Hopefully, you’ll even forget about your origins. If you can’t, you’ll positively hate on your ‘people’ to prove that you’re not from them. A lot of what we read about ‘bad communities’, ‘bad groups’, ‘bad people’ is usually at the behest of people who’ve just joined the dominant group, as they hate on the fringe groups. Think of it like this, aristocrats couldn’t care one iota about the people at the bottom of the social pecking order, they are comfortable in their skin. They have nothing to prove. It’s usually upwardly mobile people from humble backgrounds, crucially when they morph into the social climber,  who produce a lot of the dribble you read about ‘dysfunctional communities’.

Clearly, individuals who behave like this have no intellectual integrity. To have intellectual integrity, you have to be invested in your own person, your own beliefs and you don’t care how uncomfortable your beliefs make people feel. You express your views because you genuinely believe them to be true whatever the social consequences. We know from history, the people with the greatest chance of changing their societies are fiercely independent and their positively disliked by the powers-be because they refuse to become social climbers. They refuse to emulate those in power, and directly challenge them. It’s these sorts of people that change their societies for the better, and not the sheep who want to drape themselves in the flags of their ruling peers. When things go wrong, our self-hating social climbers try to find another powerful tribe they can join, and they start the whole process again of doing someone else’s bidding. They overcompensate to be like their new admired peers, even as they lose even more of themselves.

Hear me, when I say this to you, my brothers and sisters, you’ll never find contentment by being like this, because you don’t know who you are.

By becoming someone else, and ‘social climbing’ your way to some imagined social utopia, means you’ve never once looked in the mirror and said, who am I really? Where did I come from? By being yourself, you’ll start asking questions about your roots, your beginnings, your parent’s life stories, about your forebears and their struggles, about your neighbours, the people ‘hating’ on you. You’ll start pondering why some people are celebrated whilst others are not; why do we have ‘victors’ and ‘losers’, ‘rich and poor’, why does the world seem so unjust – was this all by accident?

And it’s then your mind will become perturbed.

But you’ll never self-hate again. You’ll have more self-respect.

Because you won’t feel the need to belong to the right ‘tribe’ for the sake of getting ahead in life. You will speak your mind because your words reflect who you really are, and you don’t need a tribe or a group to validate your social worth. Your personal experiences will validate your words, and that’s just fine. And if it turned out you were wrong in some of your observations, no biggy, you still had intellectual integrity, from which your personal integrity comes.

For our social climbers, no amount of social climbing and self-hatred of their former lives is ever going to bestow upon them personal integrity even though they hold fastidious to their new ‘social status’. If that’s the price they want to pay for losing themselves for upward mobility and social status, then I guess, their new peers are all the more welcome to have them! I just feel sorry for their children who are orphaned from the life-stories of their forbears and know nothing of their true origins, as they go on to look down at others who come from the same stock as their parents.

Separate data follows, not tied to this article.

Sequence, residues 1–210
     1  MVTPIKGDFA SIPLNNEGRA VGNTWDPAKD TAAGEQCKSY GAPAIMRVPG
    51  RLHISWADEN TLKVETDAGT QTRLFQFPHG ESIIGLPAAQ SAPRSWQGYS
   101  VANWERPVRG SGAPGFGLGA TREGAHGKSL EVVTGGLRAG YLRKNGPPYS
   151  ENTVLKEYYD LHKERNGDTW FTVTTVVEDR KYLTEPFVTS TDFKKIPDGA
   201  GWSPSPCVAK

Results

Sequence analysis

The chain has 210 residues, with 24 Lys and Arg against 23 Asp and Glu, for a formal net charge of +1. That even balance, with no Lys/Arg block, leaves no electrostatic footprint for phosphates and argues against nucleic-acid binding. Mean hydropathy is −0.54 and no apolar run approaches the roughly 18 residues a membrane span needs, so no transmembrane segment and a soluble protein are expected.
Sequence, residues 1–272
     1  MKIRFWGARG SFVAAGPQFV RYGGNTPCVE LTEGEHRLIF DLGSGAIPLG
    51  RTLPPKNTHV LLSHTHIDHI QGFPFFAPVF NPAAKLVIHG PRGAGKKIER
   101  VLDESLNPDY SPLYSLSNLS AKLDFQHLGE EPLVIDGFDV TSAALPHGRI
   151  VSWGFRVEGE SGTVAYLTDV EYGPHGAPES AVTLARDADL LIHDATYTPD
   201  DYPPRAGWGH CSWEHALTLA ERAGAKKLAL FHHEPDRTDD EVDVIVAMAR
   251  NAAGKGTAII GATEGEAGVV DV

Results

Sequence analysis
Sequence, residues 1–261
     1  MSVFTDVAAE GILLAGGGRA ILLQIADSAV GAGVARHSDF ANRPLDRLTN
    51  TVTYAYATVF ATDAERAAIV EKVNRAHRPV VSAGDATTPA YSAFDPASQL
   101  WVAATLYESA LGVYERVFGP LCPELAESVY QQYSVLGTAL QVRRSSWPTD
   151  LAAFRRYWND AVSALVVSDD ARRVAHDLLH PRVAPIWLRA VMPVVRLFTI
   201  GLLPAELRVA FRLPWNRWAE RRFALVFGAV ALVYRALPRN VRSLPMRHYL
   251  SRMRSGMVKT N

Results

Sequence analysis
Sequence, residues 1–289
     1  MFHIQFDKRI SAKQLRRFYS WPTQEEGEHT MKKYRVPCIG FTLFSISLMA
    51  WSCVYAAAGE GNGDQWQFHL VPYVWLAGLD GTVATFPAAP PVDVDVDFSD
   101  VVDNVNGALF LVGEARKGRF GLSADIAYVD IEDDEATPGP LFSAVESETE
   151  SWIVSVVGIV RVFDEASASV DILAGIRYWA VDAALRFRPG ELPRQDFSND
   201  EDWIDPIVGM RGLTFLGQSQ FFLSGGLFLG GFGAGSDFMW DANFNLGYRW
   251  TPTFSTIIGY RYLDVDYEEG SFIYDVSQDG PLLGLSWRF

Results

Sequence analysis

In sharing my thoughts, I am not speaking about the hundreds and thousands of people, from our wider society in Britain who speak up against social and political injustice, even if it means going against their own families and extended networks. The social and political equality we see in Britain, by no means perfect, is the cumulative struggles of people who demanded rights for everyone else, because they refused to be ‘sheep’ merely accepting their dues on account of their backgrounds. They challenged authority, were ostracised, demonised, victimised, but they never gave up. Ultimately, they succeeded, and we are all so much better for it.

Random Posts on “Kashmir” from News Agencies

A Brief History of the Kashmir Conflict: The Telegraph

Human Rights Violations in Azad Jammu Kashmir; Human Rights Watch

Kashmir and the Politics of Water; al-Jazeera

What is the Kashmir Conflict; Birmingham Mail

Why Kashmir is still ensnared in conflict over 70 years; The Conversation

Why Kashmir Matters; The Diplomat

Previous articleThe ‘immigrant’ blame game
Next articleWhy do some people say Israeli Jews are not real Jews?

Editor at Portmir Foundation; liberal by values, opposed to tribalism in all its guises; love languages and cultures – want to study as many as I can; proficient in some; opposed to social and political injustice wherever it rears its ugly head even from within my own British-Pahari community (a little unsure about the juxtaposition. The term ‘Pahari’ can mean different things to different people – stay posted. Grandparents from the Himalayan mountains of Jammu, presently split between India and Pakistan – get the impression no one cares about the people stuck between the LOC – currently researching the ‘Pahari-cultural-heritage’ outside political and territorial paradigms and the narratives of the political ‘mainstream’. Ultimately, hoping to create a space for members of the British-Pahari community to discover their own wonderful heritage. I believe – ‘life’ is a wok in progress so nothing is fixed even our thoughts! If you’re from the region, feel free to contact me – always prepared to widen my intellectual horizons and stand corrected – don’t insult me though. Be grown up and tell me why you think I’m wrong. If you make sense, I’ll change my views.

My opinions are not necessarily those of the Portmir Foundation; the Foundation does not do censorship; if you disagree with any us, and you’re from our background, write your own opinion piece and we’ll publish it. You can contact us at info@portmir.org.uk.


Please enter your comment!
Please enter your name here

nineteen − fifteen =